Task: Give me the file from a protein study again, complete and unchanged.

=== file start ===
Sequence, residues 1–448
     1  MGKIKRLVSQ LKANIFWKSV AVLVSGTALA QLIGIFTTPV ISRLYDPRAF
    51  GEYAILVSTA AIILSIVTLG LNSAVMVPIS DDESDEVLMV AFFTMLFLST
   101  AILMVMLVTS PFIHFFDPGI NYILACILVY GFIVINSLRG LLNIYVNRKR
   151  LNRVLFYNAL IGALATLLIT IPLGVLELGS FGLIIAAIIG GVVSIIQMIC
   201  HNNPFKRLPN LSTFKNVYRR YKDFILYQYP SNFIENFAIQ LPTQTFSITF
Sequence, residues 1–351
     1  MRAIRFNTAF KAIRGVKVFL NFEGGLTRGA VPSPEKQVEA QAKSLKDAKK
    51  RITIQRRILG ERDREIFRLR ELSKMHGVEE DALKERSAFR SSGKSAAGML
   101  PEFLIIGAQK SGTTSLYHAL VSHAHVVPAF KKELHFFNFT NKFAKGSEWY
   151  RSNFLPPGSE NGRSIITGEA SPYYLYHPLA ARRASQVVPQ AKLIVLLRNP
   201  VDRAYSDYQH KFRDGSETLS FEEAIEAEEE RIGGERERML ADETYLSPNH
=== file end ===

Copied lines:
Sequence, residues 1–448
     1  MGKIKRLVSQ LKANIFWKSV AVLVSGTALA QLIGIFTTPV ISRLYDPRAF
    51  GEYAILVSTA AIILSIVTLG LNSAVMVPIS DDESDEVLMV AFFTMLFLST
   101  AILMVMLVTS PFIHFFDPGI NYILACILVY GFIVINSLRG LLNIYVNRKR
   151  LNRVLFYNAL IGALATLLIT IPLGVLELGS FGLIIAAIIG GVVSIIQMIC
   201  HNNPFKRLPN LSTFKNVYRR YKDFILYQYP SNFIENFAIQ LPTQTFSITF
Sequence, residues 1–351
     1  MRAIRFNTAF KAIRGVKVFL NFEGGLTRGA VPSPEKQVEA QAKSLKDAKK
    51  RITIQRRILG ERDREIFRLR ELSKMHGVEE DALKERSAFR SSGKSAAGML
   101  PEFLIIGAQK SGTTSLYHAL VSHAHVVPAF KKELHFFNFT NKFAKGSEWY
   151  RSNFLPPGSE NGRSIITGEA SPYYLYHPLA ARRASQVVPQ AKLIVLLRNP
   201  VDRAYSDYQH KFRDGSETLS FEEAIEAEEE RIGGERERML ADETYLSPNH